Market Conditions, Unseasonably Warm Weather, and Environmental Regulation Drove Coal’s Share of the U.S. Generation Mix Below 25% in March
Coal’s share of the U.S. generation mix fell 9.6% from the prior year to 23.7% in March as the shares of natural gas, nuclear, hydro, and non-hydro renewables grew 3.5%, 1.9%, 1.3%, and 2.7% respectively. This shift was caused by the confluence of coal plant retirements and mothballing resulting from the protracted downturn in power prices due to low gas prices, weather-subdued demand, and the ongoing effects of the EPA’s Mercury and Air Toxics Standards (MATS) rule.
- Markets: Low-cost natural gas, increased renewables, and performance penalties continue to produce negative free cash flow for aging coal plants bidding into regional markets
- These unfavorable conditions are being exacerbated in hybrid markets where demand curves remain vertical and regulated generators do not factor capacity costs in their bid price as they are recovered through a separate rate base mechanism
- Weather: March was 23% warmer than the prior year, which resulted in a 6.8% decline in electric retail sales generally and a 14.4% decline in residential electric retail sales specifically
- This shifted the demand curves downward causing coal units to sit idle as their average capacity factor dropped 15.1% YoY to 35.5% in March—their lowest average capacity factor on record
- MATS: In addition to the 21 GWs of coal retirements that occurred in 2015, largely due to MATS, the rule is expected to cause more than 38 GW of retirements between 2016 and 2020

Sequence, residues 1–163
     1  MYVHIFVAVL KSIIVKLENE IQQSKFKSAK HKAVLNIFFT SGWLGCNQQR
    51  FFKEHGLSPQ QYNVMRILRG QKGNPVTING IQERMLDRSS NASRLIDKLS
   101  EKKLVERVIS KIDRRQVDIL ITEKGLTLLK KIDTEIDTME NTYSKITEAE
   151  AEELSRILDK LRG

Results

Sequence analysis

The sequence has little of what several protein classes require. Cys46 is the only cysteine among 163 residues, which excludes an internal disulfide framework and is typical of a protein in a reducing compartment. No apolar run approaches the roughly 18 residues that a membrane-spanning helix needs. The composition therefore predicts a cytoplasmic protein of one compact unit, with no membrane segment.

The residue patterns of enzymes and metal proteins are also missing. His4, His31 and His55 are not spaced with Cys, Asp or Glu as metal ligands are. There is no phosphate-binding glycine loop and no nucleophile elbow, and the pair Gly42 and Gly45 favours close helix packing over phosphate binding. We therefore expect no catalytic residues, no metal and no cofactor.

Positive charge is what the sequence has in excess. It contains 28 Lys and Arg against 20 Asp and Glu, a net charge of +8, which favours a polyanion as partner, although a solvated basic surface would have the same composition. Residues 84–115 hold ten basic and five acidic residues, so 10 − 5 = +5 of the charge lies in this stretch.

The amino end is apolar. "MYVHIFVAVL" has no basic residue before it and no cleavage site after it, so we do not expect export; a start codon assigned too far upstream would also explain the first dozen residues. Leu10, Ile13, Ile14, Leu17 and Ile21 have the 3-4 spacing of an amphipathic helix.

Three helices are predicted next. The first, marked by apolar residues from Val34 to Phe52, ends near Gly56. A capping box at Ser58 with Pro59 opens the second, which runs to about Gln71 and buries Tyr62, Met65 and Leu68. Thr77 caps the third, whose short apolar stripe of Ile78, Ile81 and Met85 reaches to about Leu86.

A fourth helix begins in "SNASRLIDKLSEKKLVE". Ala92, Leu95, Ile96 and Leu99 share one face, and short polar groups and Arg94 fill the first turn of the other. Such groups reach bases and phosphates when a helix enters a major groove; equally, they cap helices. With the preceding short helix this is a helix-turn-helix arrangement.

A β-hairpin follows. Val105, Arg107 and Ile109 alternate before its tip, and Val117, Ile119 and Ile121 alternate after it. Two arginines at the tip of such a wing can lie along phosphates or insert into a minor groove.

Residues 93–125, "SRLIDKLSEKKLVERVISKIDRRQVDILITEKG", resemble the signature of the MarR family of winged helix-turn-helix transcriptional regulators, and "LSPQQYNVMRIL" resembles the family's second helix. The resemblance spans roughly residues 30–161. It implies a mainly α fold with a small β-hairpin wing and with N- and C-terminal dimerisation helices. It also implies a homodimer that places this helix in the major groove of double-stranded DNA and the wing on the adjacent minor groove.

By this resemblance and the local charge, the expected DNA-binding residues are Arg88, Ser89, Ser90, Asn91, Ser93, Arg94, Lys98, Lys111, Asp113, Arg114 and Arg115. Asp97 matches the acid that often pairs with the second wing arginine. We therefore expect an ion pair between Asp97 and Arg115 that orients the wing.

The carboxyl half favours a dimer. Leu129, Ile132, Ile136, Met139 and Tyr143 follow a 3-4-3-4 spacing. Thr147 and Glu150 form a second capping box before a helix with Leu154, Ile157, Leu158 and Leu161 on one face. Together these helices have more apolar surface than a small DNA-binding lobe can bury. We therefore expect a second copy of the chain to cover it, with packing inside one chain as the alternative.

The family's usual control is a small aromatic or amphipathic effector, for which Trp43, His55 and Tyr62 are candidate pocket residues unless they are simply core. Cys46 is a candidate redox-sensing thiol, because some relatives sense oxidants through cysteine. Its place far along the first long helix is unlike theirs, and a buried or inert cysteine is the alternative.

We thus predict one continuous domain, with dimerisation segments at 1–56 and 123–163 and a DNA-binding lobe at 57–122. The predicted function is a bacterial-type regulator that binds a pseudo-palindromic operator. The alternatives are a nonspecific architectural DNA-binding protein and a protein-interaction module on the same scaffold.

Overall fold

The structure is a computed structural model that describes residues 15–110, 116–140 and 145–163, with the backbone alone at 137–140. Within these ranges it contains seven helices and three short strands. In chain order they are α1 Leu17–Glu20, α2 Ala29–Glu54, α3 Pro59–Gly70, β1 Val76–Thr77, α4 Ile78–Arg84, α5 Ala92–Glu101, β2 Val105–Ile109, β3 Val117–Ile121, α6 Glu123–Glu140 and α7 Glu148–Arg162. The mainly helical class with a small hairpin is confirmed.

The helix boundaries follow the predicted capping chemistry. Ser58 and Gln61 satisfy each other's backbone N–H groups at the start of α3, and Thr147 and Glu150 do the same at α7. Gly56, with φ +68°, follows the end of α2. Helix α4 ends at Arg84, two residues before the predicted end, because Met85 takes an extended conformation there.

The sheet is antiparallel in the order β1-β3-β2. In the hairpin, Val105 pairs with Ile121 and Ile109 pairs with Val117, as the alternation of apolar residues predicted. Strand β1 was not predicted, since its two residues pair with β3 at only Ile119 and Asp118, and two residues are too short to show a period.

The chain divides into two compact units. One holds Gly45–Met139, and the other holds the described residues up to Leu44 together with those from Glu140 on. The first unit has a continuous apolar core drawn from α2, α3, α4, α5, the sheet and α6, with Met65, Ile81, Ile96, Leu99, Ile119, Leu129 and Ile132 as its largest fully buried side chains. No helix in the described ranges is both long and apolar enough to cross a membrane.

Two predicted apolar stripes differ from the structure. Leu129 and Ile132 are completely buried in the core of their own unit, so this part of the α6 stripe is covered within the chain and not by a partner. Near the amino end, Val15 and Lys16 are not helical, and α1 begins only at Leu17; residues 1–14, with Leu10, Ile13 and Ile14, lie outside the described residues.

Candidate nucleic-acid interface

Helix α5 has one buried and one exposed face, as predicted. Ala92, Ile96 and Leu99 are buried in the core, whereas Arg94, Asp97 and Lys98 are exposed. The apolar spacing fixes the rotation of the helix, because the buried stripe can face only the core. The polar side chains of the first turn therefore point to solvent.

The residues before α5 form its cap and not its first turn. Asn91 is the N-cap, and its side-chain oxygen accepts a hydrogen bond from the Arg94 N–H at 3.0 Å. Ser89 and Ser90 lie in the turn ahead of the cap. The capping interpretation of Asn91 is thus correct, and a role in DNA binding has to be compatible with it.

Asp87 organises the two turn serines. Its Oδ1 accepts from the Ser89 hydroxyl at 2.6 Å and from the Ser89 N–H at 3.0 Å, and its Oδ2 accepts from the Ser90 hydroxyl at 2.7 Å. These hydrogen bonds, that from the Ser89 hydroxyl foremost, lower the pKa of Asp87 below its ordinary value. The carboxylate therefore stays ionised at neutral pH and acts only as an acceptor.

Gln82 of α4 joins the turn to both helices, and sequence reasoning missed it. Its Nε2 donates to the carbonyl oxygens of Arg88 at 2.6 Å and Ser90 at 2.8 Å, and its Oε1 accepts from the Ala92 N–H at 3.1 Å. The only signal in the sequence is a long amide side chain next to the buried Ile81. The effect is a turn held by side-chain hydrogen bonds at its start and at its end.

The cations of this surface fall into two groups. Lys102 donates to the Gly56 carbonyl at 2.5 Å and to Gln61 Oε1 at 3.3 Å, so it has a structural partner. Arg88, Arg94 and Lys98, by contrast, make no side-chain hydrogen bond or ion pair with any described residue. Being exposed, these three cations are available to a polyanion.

- These retirements would result in an estimated 169 TWhs of lost generation (approximately 4% of total generation in 2015)
- With the decline of coal generation occurring at an historic pace due to pressure from all sides, utilities are being faced with the difficult decision of prematurely retiring existing plants or confronting significant cash losses and higher operating and debt service costs
- Adding to the current pressures facing coal, entities such as Citigroup and the state of California are now encouraging, and in some cases requiring, divestment of utilities that generate more than 30% of their electricity from coal
- This will work to increasingly restrict debt and equity capital markets and produce deeper liquidity concerns for smaller, more exposed utilities
- Analysts expect regulated utilities to recover the higher costs from end users at the expense of weaker financial metrics and potential credit downgrades
- IPPs, on the other hand, are expected to transition their fleets away from coal while hoping to take advantage of the scarcity pricing that could emerge as retirements continue and reserve margins tighten nationally
Fitch Ratings: Evolving policies may challenge US public power liquidity
Utility Dive: EIA: coal generation drops 22.2% in March
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